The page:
A bill that passed the California Assembly Wednesday would require judges to consider a veteran’s mental health status in sentencing. The bill is one of several the legislature is considering to deal with veterans in the criminal justice system, according to the Associated Press.
Bill author Marc Levine cited statistics finding that one in five returning veterans from Iraq and Afghanistan suffer from post-traumatic stress disorder (PTSD), a condition that sometimes explains why an untreated individual turned to crime.
Judges are already required under existing law to assess whether convicted defendants were a member of the military, and whether they suffer from conditions such as post-traumatic stress disorder, sexual trauma, or other illness that could affect their mental state. The bill dictates that judges weigh this factor in favor of a shorter sentence for felons, and in favor of probation over prison time for all defendants. During probation, individuals may be subject to treatment.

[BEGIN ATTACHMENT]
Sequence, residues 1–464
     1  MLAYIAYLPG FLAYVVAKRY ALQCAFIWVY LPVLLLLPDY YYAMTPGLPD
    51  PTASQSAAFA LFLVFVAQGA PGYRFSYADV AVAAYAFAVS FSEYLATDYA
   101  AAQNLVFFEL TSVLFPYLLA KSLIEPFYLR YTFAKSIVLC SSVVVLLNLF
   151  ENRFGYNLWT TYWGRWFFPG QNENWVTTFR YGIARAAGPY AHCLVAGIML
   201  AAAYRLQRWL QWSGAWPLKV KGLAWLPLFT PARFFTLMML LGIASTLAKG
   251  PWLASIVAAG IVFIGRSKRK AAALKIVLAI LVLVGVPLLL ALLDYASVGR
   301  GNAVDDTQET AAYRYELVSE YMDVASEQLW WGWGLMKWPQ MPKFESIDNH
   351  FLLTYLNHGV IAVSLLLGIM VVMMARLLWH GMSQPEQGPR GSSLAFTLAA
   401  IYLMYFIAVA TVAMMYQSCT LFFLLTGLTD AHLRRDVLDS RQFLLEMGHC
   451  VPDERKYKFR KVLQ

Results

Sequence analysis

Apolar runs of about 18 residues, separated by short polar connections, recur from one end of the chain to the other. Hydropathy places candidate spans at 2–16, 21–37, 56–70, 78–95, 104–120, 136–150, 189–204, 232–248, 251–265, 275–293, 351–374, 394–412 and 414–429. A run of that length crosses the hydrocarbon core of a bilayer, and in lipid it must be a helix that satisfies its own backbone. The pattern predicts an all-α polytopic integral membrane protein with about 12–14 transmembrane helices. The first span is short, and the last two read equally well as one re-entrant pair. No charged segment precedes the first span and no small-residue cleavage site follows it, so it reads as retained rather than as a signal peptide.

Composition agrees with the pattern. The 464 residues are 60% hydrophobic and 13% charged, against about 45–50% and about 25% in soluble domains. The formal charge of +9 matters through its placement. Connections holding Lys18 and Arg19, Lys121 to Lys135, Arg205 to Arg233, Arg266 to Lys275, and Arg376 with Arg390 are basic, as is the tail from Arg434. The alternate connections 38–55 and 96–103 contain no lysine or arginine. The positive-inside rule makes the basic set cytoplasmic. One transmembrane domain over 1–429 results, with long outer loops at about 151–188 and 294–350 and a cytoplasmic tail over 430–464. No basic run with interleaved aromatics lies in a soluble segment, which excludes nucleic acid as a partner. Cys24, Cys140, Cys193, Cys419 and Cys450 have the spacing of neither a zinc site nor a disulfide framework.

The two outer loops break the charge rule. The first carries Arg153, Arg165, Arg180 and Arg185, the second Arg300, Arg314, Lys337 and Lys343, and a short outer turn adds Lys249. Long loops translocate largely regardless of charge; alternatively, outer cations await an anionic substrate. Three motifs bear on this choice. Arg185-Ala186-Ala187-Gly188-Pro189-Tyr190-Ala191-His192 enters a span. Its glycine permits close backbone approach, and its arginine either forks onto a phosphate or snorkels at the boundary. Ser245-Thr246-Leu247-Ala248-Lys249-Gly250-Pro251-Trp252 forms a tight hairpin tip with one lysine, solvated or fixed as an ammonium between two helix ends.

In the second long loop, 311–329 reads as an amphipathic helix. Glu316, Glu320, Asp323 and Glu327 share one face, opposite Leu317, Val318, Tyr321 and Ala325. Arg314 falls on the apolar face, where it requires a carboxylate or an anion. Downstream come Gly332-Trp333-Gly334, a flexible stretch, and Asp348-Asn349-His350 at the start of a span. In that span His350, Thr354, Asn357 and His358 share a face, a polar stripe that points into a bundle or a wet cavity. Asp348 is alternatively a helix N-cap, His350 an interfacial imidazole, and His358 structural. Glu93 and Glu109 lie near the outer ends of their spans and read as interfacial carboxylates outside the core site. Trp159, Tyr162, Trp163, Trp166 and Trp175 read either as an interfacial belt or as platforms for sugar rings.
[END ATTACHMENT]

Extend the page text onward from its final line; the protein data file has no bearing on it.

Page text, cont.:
Favoring treatment over jail time for any inmates would be a positive development for California, where prisons continue to be so overcrowded that the state is subject to federal monitoring for conditions that were deemed cruel and unusual by the U.S. Supreme Court. California has come under particular fire for its neglect of mentally ill inmates.
And a new report out this week adds to the evidence that prisons have become de facto asylums for the mentally ill after a decrease in the number of psychiatric beds. But the study found that inmates come out of prisons and jails sicker than they went in, and are particularly likely to re-offend if not funneled into treatment.